February 23, 2020
Home  »  Magazine  »  Business  » Cover Stories  » Cover Story »  Masters Of Apathy Education: Across States, Exam Bodies Have Left Students Helpless

Masters Of Apathy Education: Across States, Exam Bodies Have Left Students Helpless

Operational delays, paper leaks, corruption in the conduct of exams: Across states, exam bodies have left students in the lurch

Masters Of Apathy Education: Across States, Exam Bodies Have Left Students Helpless
Roll call
Aspirants protest outside the UP PCS office in Allahabad
Photograph by Getty Images
Masters Of Apathy Education: Across States, Exam Bodies Have Left Students Helpless

It’s been nearly a decade since Dharamveer Singh, 31, began trying to crack the UP Provincial Civil Service (PCS) exam. A native of Gorakhpur, he did an MSc from Allahabad University, and thereafter, has been working relentlessly with one mission. He was called for an int­erview in the year 2013 after he cleared the prelims and the mains, but he couldn’t make it to the final list. The rejections didn’t dampen his spirits. But a sequence of events that began in 2015 clearly affected him.

Allegations on the fairness of how the exam was conducted began doing the rounds in 2015, inviting a CBI probe. The probe caused delays in the subsequent exam process. The final results of the 2016 exam haven’t been announced to this day! Despite this result freeze, the processes for the 2017 and 2018 exams were started, and the aspirants, clueless about their 2016 scores, had no choice but to write those exams too.

“I feel as if I am running without a finish line. It has made me so negative,” says Dharamveer, who recently app­eared for the interview of the 2016 exam—which was conducted only in December last year. But without any certainty of results, he also appeared for the 2017 and 2018 exams. Fortunately, Dharamveer has a stable financial background, but others are not so lucky. There are some who have taken loans to pay for coaching classes and related expenses. Tough competition was the only thing they thought they needed to beat, but now, many of them stare at helplessness. The CBI filed an FIR last year against UP public service commission officials, alleging irr­egularities in the exam conduct.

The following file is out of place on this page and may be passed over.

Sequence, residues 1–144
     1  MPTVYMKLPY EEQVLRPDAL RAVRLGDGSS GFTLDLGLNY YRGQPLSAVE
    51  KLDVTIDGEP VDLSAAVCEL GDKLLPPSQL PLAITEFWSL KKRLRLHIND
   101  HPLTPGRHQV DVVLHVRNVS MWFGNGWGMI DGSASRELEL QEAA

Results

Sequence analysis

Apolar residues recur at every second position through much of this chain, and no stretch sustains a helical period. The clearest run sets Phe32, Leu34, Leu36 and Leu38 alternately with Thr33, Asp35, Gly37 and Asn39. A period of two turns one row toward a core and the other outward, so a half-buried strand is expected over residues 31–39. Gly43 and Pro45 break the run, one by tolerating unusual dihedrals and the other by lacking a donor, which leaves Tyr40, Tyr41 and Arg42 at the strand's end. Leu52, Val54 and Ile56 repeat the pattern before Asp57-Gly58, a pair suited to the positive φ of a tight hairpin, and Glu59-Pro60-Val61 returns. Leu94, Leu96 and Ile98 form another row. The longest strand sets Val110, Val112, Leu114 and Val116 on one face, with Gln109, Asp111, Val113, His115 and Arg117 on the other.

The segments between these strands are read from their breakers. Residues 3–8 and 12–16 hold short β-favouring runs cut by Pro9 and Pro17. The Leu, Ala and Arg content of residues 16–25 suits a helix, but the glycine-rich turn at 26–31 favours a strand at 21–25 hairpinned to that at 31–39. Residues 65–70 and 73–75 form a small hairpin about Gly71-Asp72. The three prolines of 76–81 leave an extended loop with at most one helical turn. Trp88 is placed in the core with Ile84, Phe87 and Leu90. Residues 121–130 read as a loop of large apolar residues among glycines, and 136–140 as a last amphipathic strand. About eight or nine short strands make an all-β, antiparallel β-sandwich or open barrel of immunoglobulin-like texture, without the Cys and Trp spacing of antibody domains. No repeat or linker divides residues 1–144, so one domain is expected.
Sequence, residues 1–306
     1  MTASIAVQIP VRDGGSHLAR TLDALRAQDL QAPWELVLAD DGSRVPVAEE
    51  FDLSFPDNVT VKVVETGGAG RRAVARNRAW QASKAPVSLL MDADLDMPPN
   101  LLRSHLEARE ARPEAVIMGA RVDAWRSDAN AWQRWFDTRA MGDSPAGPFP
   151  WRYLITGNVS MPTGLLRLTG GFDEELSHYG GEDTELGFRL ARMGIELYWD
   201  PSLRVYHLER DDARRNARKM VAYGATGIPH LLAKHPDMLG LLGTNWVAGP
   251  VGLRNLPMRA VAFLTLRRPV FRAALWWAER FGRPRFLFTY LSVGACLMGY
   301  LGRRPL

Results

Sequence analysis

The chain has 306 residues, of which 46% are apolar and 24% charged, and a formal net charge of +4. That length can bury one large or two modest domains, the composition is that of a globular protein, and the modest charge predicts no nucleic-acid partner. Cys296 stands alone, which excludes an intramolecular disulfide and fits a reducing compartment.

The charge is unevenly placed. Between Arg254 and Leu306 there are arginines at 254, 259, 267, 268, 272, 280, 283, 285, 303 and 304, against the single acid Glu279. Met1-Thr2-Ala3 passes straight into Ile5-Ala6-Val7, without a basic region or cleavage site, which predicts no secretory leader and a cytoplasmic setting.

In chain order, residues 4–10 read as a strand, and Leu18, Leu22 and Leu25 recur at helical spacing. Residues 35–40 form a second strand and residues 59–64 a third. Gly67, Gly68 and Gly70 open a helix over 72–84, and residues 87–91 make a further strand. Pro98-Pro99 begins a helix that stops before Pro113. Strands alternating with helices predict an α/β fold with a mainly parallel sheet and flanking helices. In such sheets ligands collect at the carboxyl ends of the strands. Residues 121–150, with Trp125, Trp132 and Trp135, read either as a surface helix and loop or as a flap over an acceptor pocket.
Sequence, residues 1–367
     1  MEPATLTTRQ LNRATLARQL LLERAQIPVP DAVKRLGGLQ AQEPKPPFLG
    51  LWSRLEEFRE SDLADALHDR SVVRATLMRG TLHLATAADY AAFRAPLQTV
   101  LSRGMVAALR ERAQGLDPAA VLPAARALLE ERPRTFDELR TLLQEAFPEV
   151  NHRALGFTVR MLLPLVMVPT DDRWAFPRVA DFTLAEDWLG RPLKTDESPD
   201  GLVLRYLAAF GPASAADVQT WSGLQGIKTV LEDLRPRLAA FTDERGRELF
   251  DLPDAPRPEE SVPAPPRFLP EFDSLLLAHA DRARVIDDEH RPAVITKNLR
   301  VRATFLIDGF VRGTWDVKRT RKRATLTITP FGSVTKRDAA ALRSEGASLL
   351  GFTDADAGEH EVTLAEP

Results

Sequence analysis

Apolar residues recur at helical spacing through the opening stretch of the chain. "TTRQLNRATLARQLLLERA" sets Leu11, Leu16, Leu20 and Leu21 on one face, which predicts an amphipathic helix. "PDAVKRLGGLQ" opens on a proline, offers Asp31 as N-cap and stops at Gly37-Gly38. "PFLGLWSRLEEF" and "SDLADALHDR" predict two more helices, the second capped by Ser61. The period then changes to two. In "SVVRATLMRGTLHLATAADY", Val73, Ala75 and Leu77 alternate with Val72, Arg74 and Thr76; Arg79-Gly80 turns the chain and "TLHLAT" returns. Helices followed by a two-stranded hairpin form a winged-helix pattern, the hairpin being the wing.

The PCS is not the only exam aff­ected. The recruitment exam for primary school teachers in 2018, for 68,500 posts, is also being probed by the CBI. The Allahabad High Court ordered the probe after aspirants all­eged corruption in the conduct of the exam. In add­ition, the answers to some questions in these public exams are often disputable, and have prompted petitions in court, leading to delays, even cancellations and re-schedulings of exams.

The exam saw more than 5 lakh applicants. Since 2013, at least 26 of them have committed suicide.

This rot is not limited to UP but gnaws at the systems in several other states. Consider Haryana. Last year, off­icials of the Haryana Staff Selection Commission were arrested for running a cash-for-job racket. Having prior acc­ess to the results, they’d call the successful candidates and extort money from them claiming they’d ensure their selection. Anything between Rs 3-6 lakh were charged from the candidates who had applied for clerical level positions. In other exams, there are operational delays. Notifications for the recruitments of district PROs and naib tehsildars were issued way back in 2015, but the exam is yet to take place.

South India seems equally plagued. In Telangana, the Hyderabad HC stayed the result of the Telangana State Public Services Commission Group-2 exam after a PIL was filed alleging irregularities. The state government had faced emb­arrassment after the 2017 Eng­ineering, Agricultural and Medical Common Test too. The paper got leaked and had to be re-conducted.

Upen Yadav, the president of the Rajasthan Ekikrit Berozgar Mahasangh, an association working for the cause of the unemployed, has been part of many a legal battle to help the aspirants secure jobs. He recounts how the recruitment of 33,000 shiksha sah­ayaks (junior teachers) has been caught in legal wrangles since 2013 ­because of state policies. The exam saw more than 5 lakh applicants. “Since 2013, at least 26 of the aspirants for the posts have committed suicide,” says Yadav.

“The situation is terrible. In Rajasthan, first the students protest for notifications to be issued, then they protest for the results, then joining and then they fight it before a single-judge bench, then a division bench, and then the Supreme Court,” he adds, citing the example of the Rajasthan Eligibility Exam for Teachers (REET)-2018 that went to court beca­use of disputes over answers. “People get engaged for marriage when they are selected. But when the courts put a stay on the joining, the ­engagements are called off.”

Next Story >>
Google + Linkedin Whatsapp

The Latest Issue

Outlook Videos